• Those who want to see the TSA go away may have their day.  The agency has been so widely criticized for its procedures that it didn’t even bother to show up for a House aviation subcommittee hearing last week, as officials seemed fearful of having to answer hard questions and wanted to avoid getting publicly lambasted (again).  But the TSA’s absence may have spoke louder than words.
  • YouTube has reached a new agreement with commercial airline Virgin America that brings web video content to passengers during flights. Beginning Dec. 15, passengers can watch videos from five YouTube channel partners on the small screen that’s in the back of each seat’s head rest. The content includes Warner Brothers’ H+ The Digital Series, WIGS’ Blue, Geek & Sundry’s Written By a Kid, Crash Course, and Barely Political’s The Key of Awesome.

Okay to Fly with Medical Marijuana?

flyingwithweedIn the past, the TSA has said that if medical marijuana patients’ paperwork checks out, they can board a flight with meds in tow as long as they are headed to a medical marijuana state that honors such laws.  With the recent vote legalizing medical marijuana in both Washington and Colorado, people are now beginning to question the TSA about the rule.  Does that mean you can now fly between those states with your stash?

TSA spokesperson David Castelveter gave some vague answers this question – but ultimately made it clear that the TSA is a federal agency and therefore doesn’t consider marijuana legal under any circumstances.  That said, the TSA still has the power to ruin your day, regardless of what state laws may say.

So…now that voters in Washington and Colorado have legalized small amounts of marijuana for adults over 21, does that mean you’ll be able to fly between those states with your stash? Yes and no.So…now that voters in Washington and Colorado have legalized small amounts of marijuana for adults over 21, does that mean you’ll be able to fly between those states with your stash? Yes and no.

Here’s some more travel news you can use:

  • JetBlue is offering a 50% airfare savings with the purchase of a vacation package using this offer.  Book by December 9th and travel through December 19th.
  • Emirates, which flies nonstop from L.A. and San Francisco to Dubai, is offering a discount on travel this winter and spring on long-haul routes to the Middle East and beyond.
  • For those of you looking to “dry out” a little this winter, there’s some hotel bargains in Arizona that you can warm up to.  The W Scottsdale is offering fourth nights free, while at the Hyatt Regency, you’ll get either your third or fourth night free plus a $100 (all prices U.S.) dining credit.  The Royal Palms has third nights free and at the Montelucia, it’s fourth nights free plus $50 for the spa, and $50 for dining.  Deals expire Jan. 12, 2013.  For a list of participating resorts see scottsdaleholidayexperience.com.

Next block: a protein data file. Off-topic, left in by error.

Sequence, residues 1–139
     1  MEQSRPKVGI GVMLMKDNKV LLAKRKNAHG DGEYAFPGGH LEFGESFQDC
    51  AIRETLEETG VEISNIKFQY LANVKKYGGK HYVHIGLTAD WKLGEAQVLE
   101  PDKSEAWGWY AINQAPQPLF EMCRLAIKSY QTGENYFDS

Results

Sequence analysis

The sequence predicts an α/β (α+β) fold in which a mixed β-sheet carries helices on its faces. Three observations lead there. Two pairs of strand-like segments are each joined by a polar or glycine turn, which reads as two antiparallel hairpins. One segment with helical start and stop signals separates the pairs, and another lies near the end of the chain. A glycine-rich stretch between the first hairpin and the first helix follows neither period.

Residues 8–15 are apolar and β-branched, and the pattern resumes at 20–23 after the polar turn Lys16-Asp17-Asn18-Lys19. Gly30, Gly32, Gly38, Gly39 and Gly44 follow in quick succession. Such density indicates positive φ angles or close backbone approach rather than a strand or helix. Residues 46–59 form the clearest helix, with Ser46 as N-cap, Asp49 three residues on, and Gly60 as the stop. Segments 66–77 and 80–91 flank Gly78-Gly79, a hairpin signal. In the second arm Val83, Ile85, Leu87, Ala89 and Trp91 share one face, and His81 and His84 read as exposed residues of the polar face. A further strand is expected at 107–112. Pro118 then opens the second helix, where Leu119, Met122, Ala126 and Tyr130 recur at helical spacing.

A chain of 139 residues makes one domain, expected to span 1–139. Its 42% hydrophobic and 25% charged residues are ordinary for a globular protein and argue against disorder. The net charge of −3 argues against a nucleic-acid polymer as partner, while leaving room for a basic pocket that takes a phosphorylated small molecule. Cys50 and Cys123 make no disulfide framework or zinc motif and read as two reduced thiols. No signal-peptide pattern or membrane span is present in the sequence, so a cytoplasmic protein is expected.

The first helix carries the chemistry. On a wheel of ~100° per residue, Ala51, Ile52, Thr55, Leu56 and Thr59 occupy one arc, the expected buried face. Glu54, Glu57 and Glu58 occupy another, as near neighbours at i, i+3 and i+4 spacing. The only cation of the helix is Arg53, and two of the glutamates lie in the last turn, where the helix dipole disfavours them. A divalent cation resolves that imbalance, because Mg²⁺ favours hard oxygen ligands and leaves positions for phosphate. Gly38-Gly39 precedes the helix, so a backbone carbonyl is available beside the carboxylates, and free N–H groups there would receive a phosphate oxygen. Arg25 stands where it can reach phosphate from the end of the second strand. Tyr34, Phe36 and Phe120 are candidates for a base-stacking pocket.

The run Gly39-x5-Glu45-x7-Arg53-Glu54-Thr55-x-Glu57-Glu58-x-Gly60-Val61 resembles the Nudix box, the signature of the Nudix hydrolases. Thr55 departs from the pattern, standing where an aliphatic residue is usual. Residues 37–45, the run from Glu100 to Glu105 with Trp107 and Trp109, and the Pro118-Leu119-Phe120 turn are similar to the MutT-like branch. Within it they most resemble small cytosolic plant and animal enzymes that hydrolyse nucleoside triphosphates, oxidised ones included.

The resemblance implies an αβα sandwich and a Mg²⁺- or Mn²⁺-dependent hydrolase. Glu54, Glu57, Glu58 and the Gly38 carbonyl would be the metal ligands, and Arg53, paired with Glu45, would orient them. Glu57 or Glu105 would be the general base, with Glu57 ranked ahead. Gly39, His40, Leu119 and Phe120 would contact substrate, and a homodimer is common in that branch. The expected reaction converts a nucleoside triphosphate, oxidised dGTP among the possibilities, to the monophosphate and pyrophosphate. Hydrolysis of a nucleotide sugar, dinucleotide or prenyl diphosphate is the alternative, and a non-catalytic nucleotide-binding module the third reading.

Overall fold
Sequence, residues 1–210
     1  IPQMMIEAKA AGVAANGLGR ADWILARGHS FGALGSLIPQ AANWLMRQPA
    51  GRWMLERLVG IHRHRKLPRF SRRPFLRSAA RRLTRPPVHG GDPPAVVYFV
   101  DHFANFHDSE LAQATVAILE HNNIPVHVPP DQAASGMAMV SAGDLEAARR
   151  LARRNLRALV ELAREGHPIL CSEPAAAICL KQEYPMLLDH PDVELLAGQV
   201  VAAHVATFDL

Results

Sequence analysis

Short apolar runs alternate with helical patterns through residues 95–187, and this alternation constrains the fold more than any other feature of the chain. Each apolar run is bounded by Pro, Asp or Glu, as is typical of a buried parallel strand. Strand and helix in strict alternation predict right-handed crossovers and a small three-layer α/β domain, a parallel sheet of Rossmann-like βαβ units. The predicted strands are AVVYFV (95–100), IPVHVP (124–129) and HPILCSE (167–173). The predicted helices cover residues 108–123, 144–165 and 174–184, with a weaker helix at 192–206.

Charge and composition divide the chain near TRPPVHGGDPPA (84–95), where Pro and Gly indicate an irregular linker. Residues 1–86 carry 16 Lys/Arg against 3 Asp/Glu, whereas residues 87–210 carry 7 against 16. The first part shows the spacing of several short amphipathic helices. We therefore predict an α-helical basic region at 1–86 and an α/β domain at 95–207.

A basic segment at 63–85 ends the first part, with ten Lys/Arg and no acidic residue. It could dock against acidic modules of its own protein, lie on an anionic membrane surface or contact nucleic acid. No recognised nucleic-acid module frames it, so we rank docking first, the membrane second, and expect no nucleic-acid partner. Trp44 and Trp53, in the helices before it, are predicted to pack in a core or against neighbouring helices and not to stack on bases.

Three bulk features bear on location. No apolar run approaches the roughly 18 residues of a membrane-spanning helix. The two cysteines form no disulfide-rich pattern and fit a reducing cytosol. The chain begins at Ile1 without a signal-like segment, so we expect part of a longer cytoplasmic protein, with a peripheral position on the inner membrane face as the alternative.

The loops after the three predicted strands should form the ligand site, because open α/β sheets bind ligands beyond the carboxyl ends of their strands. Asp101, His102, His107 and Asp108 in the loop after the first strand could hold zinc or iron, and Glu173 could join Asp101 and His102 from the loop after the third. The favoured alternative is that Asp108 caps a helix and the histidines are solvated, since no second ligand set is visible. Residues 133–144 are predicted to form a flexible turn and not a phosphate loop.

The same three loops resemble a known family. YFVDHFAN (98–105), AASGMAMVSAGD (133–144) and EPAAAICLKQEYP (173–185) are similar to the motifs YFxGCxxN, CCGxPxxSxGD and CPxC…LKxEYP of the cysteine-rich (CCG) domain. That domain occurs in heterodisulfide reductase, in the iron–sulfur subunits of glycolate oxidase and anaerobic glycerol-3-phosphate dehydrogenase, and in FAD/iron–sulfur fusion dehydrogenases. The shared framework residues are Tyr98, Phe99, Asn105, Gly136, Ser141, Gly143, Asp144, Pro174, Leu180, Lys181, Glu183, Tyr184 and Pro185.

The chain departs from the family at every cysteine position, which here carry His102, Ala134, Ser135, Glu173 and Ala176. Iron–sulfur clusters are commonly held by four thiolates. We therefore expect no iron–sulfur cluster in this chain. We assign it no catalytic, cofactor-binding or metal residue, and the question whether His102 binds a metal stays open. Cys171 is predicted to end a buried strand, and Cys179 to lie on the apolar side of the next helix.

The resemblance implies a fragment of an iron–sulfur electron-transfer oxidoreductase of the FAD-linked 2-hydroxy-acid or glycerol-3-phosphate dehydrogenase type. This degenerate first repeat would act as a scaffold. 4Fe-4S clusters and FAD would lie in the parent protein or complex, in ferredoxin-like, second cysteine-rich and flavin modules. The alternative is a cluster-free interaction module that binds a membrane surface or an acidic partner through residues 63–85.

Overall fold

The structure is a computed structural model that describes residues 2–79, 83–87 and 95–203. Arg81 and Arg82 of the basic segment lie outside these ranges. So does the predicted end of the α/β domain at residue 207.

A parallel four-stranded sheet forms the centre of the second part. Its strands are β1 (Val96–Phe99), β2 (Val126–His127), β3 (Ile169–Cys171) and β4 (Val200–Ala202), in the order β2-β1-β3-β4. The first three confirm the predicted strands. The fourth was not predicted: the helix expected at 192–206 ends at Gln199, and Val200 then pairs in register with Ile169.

A New Option for Buying Airline Tickets

a number of companies are starting to sell (or are planning to sell) “options” on airline tickets.
An airfare option works similarly to a stock option. The seller of the option charges a fee to hold your flight reservation at a certain fare, but you’re not obligated to buy a ticket. If your travel plans change, you let the option expire, and you’ve lost only the fee, not the full cost of the plane ticket.
A fare option might work like this: You pay $9 to lock in a ticket at a set fare for three days while you get your spouse or friends to commit to a getaway — or wait for your boss to approve vacation time.
Typically, the longer you hold the fare, the more the option costs. You don’t get your fee back, regardless of whether you make the purchase or let the option expire.

option traderWant to take that trip, but don’t want to fully commit?  Well, a number of companies are starting to sell (or are planning to sell) options on airline tickets.

An airfare option works similarly to a stock option.  The seller of the option charges a fee to hold your flight reservation at a certain fare, but you’re not obligated to buy a ticket.  If your travel plans change, you let the option expire, and you’ve lost only the fee, not the full cost of the plane ticket.

Here’s an example:  You pay $9 to lock in a ticket at a set fare for three days while you get your spouse or friends to commit to a getaway — or wait for your boss to approve vacation time.

Typically, the longer you hold the fare, the more the option costs. You don’t get your fee back, regardless of whether you make the purchase or let the option expire.

Here’s some more travel news you can use: